Nigerian Government Faces Criticism Over Costly Lagos-Calabar Coastal Highway Project

The Nigerian government's plan to build a 700-km coastal highway from Lagos to Calabar faces scrutiny over high costs, environmental impact, and rising sea levels. Critics urge prioritizing existing infrastructure over new projects.

author-image
Nasiru Eneji Abdulrasheed
Updated On
New Update
Nigerian Government Faces Criticism Over Costly Lagos-Calabar Coastal Highway Project

Nigerian Government Faces Criticism Over Costly Lagos-Calabar Coastal Highway Project

The Nigerian government's plan to construct a 700-kilometer coastal highway from Lagos to Calabar has come under scrutiny due to concerns over the project's high costs, environmental impact, and the potential effects of rising sea levels caused by global warming.

The highway, which is estimated to cost a staggering N15.356 trillion ($13 billion), has been met with opposition from various stakeholders, including politicians and affected communities.

Minister of Works David Umahi has defended the project, stating that it will be completed within eight years using an Engineering, Procurement, Construction plus Finance (EPC+F) model, with funding committed by the federal government. Umahi believes the coastal highway will boost infrastructure, reduce inflation, attract foreign direct investment, and promote tourism, commerce, water transportation, and real estate development along the coastal regions.

However, the project's critics argue that the government should prioritize the completion and repair of existing infrastructure before initiating new ventures. Peter Obi, the former Labour Party presidential candidate, has expressed deep concerns about the timing and prioritization of the highway project. "The current federal budget and funding sources may not be sufficient to complete all the critical road projects across the country," Obi stated, urging the government to focus on the urgent needs of the people in the development formula.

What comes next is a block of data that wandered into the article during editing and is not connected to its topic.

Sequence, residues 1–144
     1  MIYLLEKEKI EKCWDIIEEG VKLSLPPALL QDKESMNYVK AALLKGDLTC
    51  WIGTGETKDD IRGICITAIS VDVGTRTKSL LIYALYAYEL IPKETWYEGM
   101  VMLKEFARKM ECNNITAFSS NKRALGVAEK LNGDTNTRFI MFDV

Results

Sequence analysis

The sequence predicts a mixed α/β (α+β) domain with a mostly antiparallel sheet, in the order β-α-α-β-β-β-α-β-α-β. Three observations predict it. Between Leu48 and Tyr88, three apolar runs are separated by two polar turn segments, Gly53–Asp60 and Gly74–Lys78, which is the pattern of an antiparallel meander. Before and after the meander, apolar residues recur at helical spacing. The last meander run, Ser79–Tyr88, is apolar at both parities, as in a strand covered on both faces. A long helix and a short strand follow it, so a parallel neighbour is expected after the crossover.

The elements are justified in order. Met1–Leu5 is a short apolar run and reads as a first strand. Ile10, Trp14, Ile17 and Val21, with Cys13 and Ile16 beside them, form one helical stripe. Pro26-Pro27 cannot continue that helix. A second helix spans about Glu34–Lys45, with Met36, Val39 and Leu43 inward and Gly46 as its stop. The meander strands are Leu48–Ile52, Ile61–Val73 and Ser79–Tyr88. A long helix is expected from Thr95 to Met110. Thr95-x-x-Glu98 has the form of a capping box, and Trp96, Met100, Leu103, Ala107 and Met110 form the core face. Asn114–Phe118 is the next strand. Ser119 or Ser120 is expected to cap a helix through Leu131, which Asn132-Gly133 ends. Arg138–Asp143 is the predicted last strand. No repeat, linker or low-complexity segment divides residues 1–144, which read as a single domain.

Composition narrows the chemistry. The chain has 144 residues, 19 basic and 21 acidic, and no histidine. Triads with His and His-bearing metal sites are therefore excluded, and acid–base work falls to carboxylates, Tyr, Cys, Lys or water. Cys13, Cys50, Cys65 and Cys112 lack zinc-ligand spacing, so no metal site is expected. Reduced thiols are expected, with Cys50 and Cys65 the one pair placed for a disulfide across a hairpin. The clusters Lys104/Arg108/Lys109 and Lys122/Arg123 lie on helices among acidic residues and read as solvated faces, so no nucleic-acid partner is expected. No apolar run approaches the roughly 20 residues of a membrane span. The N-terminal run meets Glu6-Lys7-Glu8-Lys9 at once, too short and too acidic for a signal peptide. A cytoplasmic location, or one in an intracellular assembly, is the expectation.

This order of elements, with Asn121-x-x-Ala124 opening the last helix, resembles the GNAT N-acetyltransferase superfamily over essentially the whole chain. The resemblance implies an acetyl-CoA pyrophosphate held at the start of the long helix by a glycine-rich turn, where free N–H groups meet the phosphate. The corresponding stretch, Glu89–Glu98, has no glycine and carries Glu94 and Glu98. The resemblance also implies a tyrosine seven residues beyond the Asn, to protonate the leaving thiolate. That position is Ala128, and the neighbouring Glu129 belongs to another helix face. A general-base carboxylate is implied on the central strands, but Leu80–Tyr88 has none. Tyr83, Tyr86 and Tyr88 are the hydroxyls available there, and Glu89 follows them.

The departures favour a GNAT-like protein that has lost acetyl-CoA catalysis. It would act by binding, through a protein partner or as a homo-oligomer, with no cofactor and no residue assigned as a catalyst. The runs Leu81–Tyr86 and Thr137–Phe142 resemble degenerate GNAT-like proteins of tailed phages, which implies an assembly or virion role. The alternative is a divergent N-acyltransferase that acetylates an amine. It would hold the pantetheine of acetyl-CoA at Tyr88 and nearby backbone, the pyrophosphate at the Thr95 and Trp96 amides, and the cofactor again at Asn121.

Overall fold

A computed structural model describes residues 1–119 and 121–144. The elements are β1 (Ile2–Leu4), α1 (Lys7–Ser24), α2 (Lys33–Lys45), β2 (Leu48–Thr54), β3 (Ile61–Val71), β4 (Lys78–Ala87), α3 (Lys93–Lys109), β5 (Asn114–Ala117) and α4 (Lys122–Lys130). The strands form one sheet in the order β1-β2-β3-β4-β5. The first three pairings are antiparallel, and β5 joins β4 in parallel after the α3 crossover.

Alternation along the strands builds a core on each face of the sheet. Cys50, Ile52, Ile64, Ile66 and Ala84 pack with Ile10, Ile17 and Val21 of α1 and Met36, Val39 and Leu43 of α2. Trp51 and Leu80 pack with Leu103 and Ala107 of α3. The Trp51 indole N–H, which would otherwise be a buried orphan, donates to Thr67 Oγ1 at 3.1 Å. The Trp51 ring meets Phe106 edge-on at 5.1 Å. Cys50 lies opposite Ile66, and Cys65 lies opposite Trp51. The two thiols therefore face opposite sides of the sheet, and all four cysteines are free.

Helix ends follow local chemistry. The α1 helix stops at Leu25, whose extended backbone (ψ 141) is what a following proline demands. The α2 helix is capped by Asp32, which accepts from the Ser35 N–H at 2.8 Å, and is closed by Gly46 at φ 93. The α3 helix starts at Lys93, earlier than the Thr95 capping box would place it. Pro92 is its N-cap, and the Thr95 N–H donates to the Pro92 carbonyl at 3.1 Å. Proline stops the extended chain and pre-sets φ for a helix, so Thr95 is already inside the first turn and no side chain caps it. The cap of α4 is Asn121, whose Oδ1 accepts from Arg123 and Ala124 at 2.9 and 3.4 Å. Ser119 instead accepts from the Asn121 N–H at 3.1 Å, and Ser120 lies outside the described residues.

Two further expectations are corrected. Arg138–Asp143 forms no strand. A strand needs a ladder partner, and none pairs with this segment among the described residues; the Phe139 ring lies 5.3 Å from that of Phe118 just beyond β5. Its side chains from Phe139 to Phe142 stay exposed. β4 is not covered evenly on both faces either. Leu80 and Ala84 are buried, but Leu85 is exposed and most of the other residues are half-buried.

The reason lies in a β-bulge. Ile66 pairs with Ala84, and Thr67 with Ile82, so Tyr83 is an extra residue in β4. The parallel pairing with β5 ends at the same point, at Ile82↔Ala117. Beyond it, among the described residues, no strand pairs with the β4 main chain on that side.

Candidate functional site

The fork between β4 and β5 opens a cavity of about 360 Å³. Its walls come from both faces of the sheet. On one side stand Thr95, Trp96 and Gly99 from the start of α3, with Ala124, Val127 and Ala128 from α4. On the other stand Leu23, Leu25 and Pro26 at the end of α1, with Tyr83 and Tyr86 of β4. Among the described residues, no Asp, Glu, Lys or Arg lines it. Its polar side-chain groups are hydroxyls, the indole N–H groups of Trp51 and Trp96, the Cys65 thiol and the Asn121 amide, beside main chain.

Residents of affected communities in Lagos State, such as Orile Ilasan and Iroko-Awe in Elegushi Royal Estate, have also raised objections to the project's potential impact on their properties. After a stakeholder meeting with Minister Umahi, it was resolved that the road expansion would not exceed 50 meters and that the original alignment behind the designated area would be utilized as the first option to minimize loss for affected residents.

Why this matters: The Lagos-Calabar Coastal Highway project highlights the challenges faced by the Nigerian government in balancing infrastructure development with fiscal responsibility and environmental sustainability. The project's high costs and potential impact on communities and the environment have raised questions about the government's priorities and decision-making process.

As the debate surrounding the coastal highway project continues, the Nigerian government faces pressure to address the concerns raised by politicians, affected communities, and environmental advocates. Minister Umahi has emphasized that only those with permanent structures will be compensated during the demolition process, while shanty dwellers and caravan owners along the shorelines will not receive compensation. The government's ability to navigate these challenges and deliver on its infrastructure promises will be closely watched in the coming years.

Key Takeaways

  • Nigerian govt plans 700km Lagos-Calabar coastal highway at $13B cost, drawing criticism.
  • Govt defends the project, and claims it will boost infrastructure, tourism, and investment.
  • Critics argue govt should prioritize existing infrastructure over new projects.
  • Affected communities raise concerns over property impact, govt agrees to minimize losses.
  • The project highlights challenges in balancing development, fiscal responsibility, and sustainability.